- Cancer Information
- Advanced cancer
- Palliative care
- Common questions about palliative care
- Does palliative care shorten or lengthen life?
Does palliative care shorten or lengthen life?
Palliative care treats death and dying as a normal part of life. It does not try to shorten life, nor does it try to make life longer. Instead, the palliative care team provides services to improve your quality of life throughout the advanced stages of illness. This may include managing pain and other symptoms. Some studies show that if symptoms such as pain are controlled, people will feel better and may live longer.
Learn more about:
Voluntary assisted dying
It is important to understand the difference between palliative care and voluntary assisted dying.
Voluntary assisted dying is when a person with an incurable condition or illness chooses to end their life and uses medicines specially prescribed by a health practitioner. “Voluntary” means it is the choice of the person to end their life.
Voluntary assisted dying is not part of palliative care.
At this time (June 2022), voluntary assisted dying laws have been passed in all six states. In Victoria and Western Australia, voluntary assisted dying is available only for people who meet all the strict conditions and follow certain steps. Visit health.vic.gov.au or health.wa.gov.au and search for “voluntary assisted dying” to find out more about the law in these states.
Voluntary assisted dying laws in Tasmania, South Australia, Queensland and New South Wales are being implemented, and voluntary assisted dying is likely to start in late 2022 – early 2023. The laws in the Northern Territory and ACT are under review.
For more information and updates, visit Queensland University of Technology’s End of Life Law in Australia.
Some people avoid palliative care because they hope that a cure will be found for their cancer. Having palliative care does not mean giving up hope. You may find that you focus on the things that are most important to you, e.g. feeling valued, having meaningful relationships or receiving effective pain relief.
People with advanced cancer may have palliative care for several months or years and continue to enjoy many aspects of life in that time. Some people take pleasure in completing projects, spending time with friends, or exploring new interests and hobbies. Others make sense of their situation through a creative activity, such as art, music or writing.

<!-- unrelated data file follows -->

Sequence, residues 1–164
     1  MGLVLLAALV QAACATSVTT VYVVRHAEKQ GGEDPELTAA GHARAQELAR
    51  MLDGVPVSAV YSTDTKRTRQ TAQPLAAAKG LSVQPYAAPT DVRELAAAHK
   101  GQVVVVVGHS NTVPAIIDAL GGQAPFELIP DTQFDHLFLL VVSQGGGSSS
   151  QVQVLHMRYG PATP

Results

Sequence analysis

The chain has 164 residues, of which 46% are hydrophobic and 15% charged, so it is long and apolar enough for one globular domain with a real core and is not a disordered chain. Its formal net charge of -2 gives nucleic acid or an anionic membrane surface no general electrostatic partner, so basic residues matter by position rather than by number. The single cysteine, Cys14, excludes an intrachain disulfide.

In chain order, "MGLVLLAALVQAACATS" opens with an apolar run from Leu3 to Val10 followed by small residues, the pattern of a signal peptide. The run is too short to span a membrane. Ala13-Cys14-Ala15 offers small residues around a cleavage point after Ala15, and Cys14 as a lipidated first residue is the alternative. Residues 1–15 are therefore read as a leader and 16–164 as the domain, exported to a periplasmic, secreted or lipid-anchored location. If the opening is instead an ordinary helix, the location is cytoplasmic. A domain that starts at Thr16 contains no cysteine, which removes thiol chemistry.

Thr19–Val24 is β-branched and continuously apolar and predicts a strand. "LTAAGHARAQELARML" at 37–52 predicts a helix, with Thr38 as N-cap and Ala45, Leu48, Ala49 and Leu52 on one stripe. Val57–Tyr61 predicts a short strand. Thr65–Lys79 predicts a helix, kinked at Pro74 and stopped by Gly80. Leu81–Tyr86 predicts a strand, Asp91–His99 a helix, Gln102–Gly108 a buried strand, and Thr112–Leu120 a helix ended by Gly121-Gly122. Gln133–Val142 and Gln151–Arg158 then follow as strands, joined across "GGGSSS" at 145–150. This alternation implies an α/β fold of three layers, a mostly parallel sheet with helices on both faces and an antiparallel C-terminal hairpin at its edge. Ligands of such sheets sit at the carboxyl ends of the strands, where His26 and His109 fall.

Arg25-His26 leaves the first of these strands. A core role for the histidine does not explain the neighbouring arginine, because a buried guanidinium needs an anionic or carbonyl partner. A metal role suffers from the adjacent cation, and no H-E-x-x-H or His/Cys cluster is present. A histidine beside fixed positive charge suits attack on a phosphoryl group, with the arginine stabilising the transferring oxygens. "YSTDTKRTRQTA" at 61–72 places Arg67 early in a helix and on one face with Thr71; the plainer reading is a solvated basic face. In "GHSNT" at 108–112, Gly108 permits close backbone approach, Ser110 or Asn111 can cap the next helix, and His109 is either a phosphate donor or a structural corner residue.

As the disease progresses, your goals may change. For example, you might hope to live as comfortably as you can for as long as possible or you may have some unfinished business to complete, such as planning a family trip. Palliative care can help you achieve these goals.
Podcast for people affected by advanced cancer
Dr Cynthia Parr, Specialist in Palliative Care, HammondCare and Macquarie University Hospital, NSW; Dr Lisa Cuddeford, Clinical Lead, WA Paediatric Palliative Care Service, WA; Dr Laura Kirsten, Principal Clinical Psychologist, Nepean Cancer Care Centre, NSW; Penny Neller, Project Coordinator, National Palliative Care Projects, Australian Centre for Health Law Research, Queensland University of Technology, QLD; Caitriona Nienaber, 13 11 20 Consultant, Cancer Council WA; A/Prof Peter Poon, Director, Supportive and Palliative Care, Monash Health, and Adjunct Associate Professor, Monash University, VIC; Dr Kathy Pope, Radiation Oncologist, Peter MacCallum Cancer Centre, VIC; Kate Reed-Cox, Nurse Practitioner National Clinical Advisor, Palliative Care Australia; Juliane Samara, Nurse Practitioner, Clare Holland House – Specialist Palliative Aged Care, Calvary Public Hospital, ACT; Annabelle Solomon, Consumer; Silvia Stickel, Consumer; Kaitlyn Thorne, Manager, PalAssist, Cancer Council Queensland; Kim Vu, Consumer; Rosie Whitford, Social Worker – Grief, Bereavement and Community Palliative Care, Prince of Wales Hospital, NSW.
View the Cancer Council NSW editorial policy.
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